Chief’s Corner: Wildfire season safety |

Chief’s Corner: Wildfire season safety

Chad Stephen
Chief's Corner

Like the rest of the west, the Lake Tahoe Basin continues to experience longer wildfire seasons resulting from climate change. Many of us are still recovering from the devastating Caldor Fire that was fueled by drought, hot weather, and high winds.

Chad Stephen

The Caldor Fire, which started on Aug. 14 near Placerville, quickly crossed the Sierra Nevada and the Eldorado National Forest. While heroic firefighting, fuel reduction work, and favorable winds helped keep the fire out of Christmas Valley and Meyers, more than 1,000 structures and nearly 222,000 acres of forestland were destroyed.

A record-setting no precipitation for the month of January, followed by below normal precipitation through winter into spring have left us with moderate to extreme drought conditions. Continued dry conditions, with above-normal temperatures have left fuel moisture levels below normal, increasing the potential for wildfire activity again this season.

These conditions prompted the Lake Tahoe Basin fire chiefs to activate local fire restrictions and suspend the outdoor burning of solid fuels as of June 1. Only natural gas or propane outdoor fire pits and barbecues, and pellet grills/smokers are allowed. The ban remains in effect for the duration of the fire season.

Additionally, during red flag/critical fire weather conditions, all sources of open flames, including natural gas or propane outdoor fire pits and barbecues, and pellet grills/smokers are prohibited. Red flag watches and warnings of critical fire weather in the Tahoe Basin are issued by the National Weather Service, Reno. Fire restrictions on United States Forest Service land or California State Parks owned land may be different. Always check with the local jurisdiction and contact your local fire agency directly for further information.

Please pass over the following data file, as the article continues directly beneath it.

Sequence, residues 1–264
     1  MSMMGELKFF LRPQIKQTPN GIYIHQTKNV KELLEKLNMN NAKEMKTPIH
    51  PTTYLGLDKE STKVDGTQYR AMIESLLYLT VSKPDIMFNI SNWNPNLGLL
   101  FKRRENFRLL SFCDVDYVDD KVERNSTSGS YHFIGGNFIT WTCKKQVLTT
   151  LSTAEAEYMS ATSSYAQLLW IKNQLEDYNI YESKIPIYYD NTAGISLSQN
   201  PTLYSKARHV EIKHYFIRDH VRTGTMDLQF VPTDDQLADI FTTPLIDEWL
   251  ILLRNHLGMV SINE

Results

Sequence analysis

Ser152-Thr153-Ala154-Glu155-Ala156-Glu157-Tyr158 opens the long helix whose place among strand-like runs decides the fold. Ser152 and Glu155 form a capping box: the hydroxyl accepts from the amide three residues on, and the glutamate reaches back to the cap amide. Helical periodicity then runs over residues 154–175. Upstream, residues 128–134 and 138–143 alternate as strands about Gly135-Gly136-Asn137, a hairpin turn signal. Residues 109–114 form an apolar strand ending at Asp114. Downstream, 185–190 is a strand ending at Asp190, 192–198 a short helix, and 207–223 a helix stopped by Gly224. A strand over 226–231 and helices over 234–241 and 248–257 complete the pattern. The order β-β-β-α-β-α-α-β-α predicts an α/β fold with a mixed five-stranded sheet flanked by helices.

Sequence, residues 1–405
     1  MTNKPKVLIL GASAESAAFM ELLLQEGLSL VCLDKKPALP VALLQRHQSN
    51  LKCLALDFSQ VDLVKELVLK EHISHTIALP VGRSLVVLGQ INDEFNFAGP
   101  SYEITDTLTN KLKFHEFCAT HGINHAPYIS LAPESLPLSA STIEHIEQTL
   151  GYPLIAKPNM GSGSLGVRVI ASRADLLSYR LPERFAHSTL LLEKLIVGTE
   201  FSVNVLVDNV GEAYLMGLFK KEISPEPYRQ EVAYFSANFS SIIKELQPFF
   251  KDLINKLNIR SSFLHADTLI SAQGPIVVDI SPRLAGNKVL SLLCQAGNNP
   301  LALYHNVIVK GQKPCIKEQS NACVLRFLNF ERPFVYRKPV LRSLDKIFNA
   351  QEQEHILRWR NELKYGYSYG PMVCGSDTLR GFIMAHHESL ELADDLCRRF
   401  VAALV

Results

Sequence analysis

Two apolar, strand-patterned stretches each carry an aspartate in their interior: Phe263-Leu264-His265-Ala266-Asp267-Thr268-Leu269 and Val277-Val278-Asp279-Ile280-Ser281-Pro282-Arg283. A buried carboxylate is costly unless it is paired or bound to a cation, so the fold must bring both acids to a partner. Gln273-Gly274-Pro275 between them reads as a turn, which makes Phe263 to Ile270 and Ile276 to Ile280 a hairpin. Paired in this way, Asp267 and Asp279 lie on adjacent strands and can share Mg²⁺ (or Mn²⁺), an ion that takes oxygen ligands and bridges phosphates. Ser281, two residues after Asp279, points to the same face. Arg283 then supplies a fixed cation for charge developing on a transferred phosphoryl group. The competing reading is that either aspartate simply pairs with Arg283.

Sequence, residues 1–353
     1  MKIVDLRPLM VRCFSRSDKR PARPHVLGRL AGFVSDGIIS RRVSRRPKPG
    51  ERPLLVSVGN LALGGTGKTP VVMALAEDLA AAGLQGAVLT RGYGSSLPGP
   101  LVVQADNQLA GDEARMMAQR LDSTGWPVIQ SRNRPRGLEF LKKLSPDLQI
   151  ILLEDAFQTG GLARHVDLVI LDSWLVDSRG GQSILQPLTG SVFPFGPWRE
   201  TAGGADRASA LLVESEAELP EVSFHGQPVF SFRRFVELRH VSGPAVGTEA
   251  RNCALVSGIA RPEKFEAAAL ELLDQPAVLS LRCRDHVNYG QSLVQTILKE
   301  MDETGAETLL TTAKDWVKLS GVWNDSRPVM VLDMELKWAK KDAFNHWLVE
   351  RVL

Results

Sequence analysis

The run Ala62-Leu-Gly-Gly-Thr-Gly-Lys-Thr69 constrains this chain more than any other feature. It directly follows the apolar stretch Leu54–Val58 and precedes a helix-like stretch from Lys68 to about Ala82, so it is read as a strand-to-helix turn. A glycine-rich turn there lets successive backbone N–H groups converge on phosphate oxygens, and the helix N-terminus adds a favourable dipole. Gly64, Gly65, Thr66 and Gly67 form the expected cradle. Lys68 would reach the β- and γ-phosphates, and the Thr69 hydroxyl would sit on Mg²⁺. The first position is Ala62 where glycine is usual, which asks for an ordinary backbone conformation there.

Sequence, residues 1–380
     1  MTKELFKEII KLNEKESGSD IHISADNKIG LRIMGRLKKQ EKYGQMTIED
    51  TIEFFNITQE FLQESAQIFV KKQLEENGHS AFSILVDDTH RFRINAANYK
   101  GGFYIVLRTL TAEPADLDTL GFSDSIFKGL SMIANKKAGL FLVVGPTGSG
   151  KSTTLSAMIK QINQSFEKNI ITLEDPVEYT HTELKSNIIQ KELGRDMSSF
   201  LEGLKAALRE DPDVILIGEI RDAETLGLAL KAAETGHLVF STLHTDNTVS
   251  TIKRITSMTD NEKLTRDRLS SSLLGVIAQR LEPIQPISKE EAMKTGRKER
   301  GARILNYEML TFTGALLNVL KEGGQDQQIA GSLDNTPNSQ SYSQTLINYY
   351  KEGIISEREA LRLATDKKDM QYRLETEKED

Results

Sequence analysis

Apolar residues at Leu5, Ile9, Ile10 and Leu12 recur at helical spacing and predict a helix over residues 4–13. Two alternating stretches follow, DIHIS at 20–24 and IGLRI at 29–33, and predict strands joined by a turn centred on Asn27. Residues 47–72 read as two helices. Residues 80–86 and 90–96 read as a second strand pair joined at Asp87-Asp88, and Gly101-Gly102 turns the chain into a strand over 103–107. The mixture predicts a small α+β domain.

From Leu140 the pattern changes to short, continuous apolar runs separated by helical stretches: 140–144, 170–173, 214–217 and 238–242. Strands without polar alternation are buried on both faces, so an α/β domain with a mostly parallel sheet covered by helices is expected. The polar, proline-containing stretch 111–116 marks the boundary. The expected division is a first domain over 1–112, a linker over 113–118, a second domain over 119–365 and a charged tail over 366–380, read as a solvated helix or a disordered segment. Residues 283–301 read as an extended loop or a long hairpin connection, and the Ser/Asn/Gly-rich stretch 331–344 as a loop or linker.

Local fire agency personnel and the National Fire Protection Agency urge you to follow these 10 wildfire reduction safety tips.

Action items to improve your home’s survivability:

Remove leaves, pine needles, and other flammable material from the roof, gutters, and on and under the deck to help prevent embers from igniting your home.

Screen areas below decks and porches with 1/8” wire mesh to help prevent material from accumulating underneath.

Cover exterior attic and soffit vents with 1/8” wire mesh to help prevent sparks from entering your home.

Enclose eaves to help prevent ember entry.

Inspect shingles or roof tiles. REPLACE missing shingles or tiles. COVER ends of tiles with bird stops or cement to help prevent ember penetration during a wildfire.

Tips for landscaping around your home

Remove dead vegetation and other flammable materials, especially within the first 5 feet of the home.

Keep your lawn hydrated and maintained. If it is brown, cut it down to help reduce fire intensity.

Prune tree limbs so the lowest branches are 6 to 10 feet above the ground to help reduce the chance of fire getting into the crowns of the trees.

Move construction material, trash, and wood piles at least 30 feet away from the home and other outbuildings.

Dispose of branches, weeds, leaves, pine needles, and grass clippings that you have cut to reduce fuel for fire.

Know the regulations. Be informed on how to protect your home and community and most importantly enjoy your Tahoe summer safely with family and friends.

Chad Stephen is interim fire chief of the Lake Valley Fire Protection District.

Editor’s note: “Chief’s Corner” is a regular feature from Lake Tahoe Basin fire chiefs, offering information, tips and education material on fire safety, emergency preparedness and other pertinent topics. If you have any questions, please contact your local fire district.

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